20 yrs later we have keynesian econ as the basis of the last 20 yrs (except for clinton) Now don't YOU think intellectually these protestors are onto something--balanced budgets

    with taxes. Where your "intellect" only says its idealogically unintelligent

    How persuasive


  • rate this

    Comment number 14.

    Of course I fear my government. This is the whole premise of our nation, to fear a large, powerful federal government and to protect the power of the individual states. We have failed in guarding this autonomy and are subject to the decisions of the federal government instead of the will of the individual states. Americans who blindly trust this massive corporate entity are naive at best.

  • rate this

    Comment number 13.

    Dear Jack Blair. The first Amendment to the constitution of the United States expressly prohibits Congress from "abridging the freedom of speech; or of the press; or the right of the people peaceably to assemble, and to petition the Government for a redress of grievances."
    Do the european nations have the same rights and freedoms?

  • rate this

    Comment number 12.

    I joined Occupy Iowa City, a offshoot of OWS in solidarity, and its very peaceful. We just want to be heard. We camp in the park and the whole lot, but we're not all young college kids needing an excuse to protest. There's all sorts of people out there, all ages. We need changes. The whole angle that we're a revolution ready to boil over is ludicrous. The media's been trying to incite fraction.

  • rate this

    Comment number 11.

    There’s a strategy to social movements in the US, you have to convince the mainstream first via nonviolence. If the protesters were to begin breaking windows, vandalizing property, or attacking cops, the entire Occupy movement would be instantly ruined. The media and cops are waiting for an attack, even trying to incite them. And if it happens they will cover it and then discredit the movement.

  • rate this

    Comment number 10.

    Who are you, Jon Dolton? What facts do you have to back up your claim that we fear our government?

  • rate this

    Comment number 9.

    I am curious about one part of this article: "So it's interesting that - barring the one incident of pepper spray used against demonstrators on Brooklyn Bridge - the nice people camping out in Zuccotti Park have been well, so nice." This worries me, as, being a US citizen, I have seen a concerning amount of violence against the protesters. Is this news not reaching other countries?

  • rate this

    Comment number 8.

    One thing the #Occupy "movement" has in common with the disturbances in Europe: Grievances Without Intellect.

  • rate this

    Comment number 7.

    I support the Occupy Wall Street Protest. Wall Street deserves to have shame heaped upon it. We should all say shame upon them and upon all those who enable rapacious financial corporations to continue to operate ineffectively regulated and virtually immune because they are "too big to fail." Legal technicalities be damned. Moral wrong has gone uncorrected. Rename it Shame Street or Greed Avenue.

  • rate this

    Comment number 6.

    Well, I hope things stay peaceful, but with the current economic forecasts and heated political rhetoric, it will be interesting. As for the "Occupy.." folks, I don't think their demonstrations attract the same anarchist element as the anti-WTO protests... All this being equal, I could certainly envision some violence in America's streets if the government doesn't start doing something.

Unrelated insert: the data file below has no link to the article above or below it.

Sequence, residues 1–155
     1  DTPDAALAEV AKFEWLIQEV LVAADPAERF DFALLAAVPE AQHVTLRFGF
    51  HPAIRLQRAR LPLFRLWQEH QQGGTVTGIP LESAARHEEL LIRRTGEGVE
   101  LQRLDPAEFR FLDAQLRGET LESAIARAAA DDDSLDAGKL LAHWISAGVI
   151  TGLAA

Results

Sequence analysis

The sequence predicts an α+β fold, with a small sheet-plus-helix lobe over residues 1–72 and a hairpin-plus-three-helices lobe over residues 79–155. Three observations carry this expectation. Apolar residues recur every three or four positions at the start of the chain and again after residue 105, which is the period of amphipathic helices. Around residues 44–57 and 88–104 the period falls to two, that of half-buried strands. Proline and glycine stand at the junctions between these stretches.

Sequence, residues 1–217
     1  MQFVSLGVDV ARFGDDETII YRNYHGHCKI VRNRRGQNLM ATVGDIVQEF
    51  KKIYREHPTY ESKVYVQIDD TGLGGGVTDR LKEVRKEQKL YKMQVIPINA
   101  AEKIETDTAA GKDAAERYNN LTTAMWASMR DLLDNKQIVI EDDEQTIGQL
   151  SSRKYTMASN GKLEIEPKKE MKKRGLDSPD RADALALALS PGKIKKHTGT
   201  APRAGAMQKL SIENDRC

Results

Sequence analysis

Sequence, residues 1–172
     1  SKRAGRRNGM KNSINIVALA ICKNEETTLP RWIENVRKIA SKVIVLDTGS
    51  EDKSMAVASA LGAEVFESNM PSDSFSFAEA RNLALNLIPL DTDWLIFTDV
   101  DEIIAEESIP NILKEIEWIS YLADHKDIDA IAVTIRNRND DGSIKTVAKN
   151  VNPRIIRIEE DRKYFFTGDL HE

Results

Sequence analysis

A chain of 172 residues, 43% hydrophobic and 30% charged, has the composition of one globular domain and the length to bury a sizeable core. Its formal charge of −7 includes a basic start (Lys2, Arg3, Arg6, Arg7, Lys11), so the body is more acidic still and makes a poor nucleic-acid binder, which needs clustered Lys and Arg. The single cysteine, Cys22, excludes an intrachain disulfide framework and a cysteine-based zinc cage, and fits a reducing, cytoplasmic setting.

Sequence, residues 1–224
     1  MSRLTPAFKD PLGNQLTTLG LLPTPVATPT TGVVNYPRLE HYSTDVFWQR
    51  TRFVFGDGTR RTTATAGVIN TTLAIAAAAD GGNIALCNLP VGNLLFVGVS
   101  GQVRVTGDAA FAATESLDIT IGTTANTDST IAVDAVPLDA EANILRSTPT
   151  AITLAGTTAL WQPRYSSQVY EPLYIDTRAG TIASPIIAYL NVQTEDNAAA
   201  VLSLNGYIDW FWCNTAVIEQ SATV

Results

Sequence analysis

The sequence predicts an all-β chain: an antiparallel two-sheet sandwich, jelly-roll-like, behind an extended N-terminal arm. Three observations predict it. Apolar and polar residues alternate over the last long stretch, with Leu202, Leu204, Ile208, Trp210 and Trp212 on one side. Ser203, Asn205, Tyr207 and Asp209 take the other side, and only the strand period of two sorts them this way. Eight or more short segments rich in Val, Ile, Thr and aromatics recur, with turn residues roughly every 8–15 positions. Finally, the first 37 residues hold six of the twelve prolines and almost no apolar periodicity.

• rate this

    Comment number 5.

    People are not given enough motive to retaliate violently - the ramifications are too extreme. As Ethan Farber points out, fear is one of the main components keeping these American citizens from doing anything that will come back to harm themselves.

    Americans fear their government. But, as V states in "V for Vendetta", people should not fear the government, a government should fear the people.

  • rate this

    Comment number 4.

    Few people are willing to notice it, but a significant portion of the people I have met at my local version of OWS protest are the same people who I met at local Tea Party rallies a few years back. And guess what- they are saying the same thing now as they were saying then. However, it is amazing how differently the media portrays them. Perhaps they just learned being angry doesn't work.

  • rate this

    Comment number 3.

    It is the calm before the storm.

    Many people are still getting by on:
    1) credit
    2) aging parents
    3) benefits
    4) odd jobs

    American police are much more militarized and violent than EU police and arrest in America is a life stigma. Fear is a major factor.

    When credit dries up, when the older generation dies off or when people feel they have nothing to lose, all hell will break loose.

  • rate this

    Comment number 2.

    What a different analysis from that being put forth by the foaming at the mouth profiteering from discord talk show hosts of the right. They present the OWS folks as the barbarians at the gate and raise their journalistic game no end when the first question they seem to as their "reporters" such as they may be about the smell in the park. Thank you for your perspective,sanity,& even handedness

  • rate this

    Comment number 1.

    A non-violent social movement has its own attraction for all walks of life in a society. It is a good thing.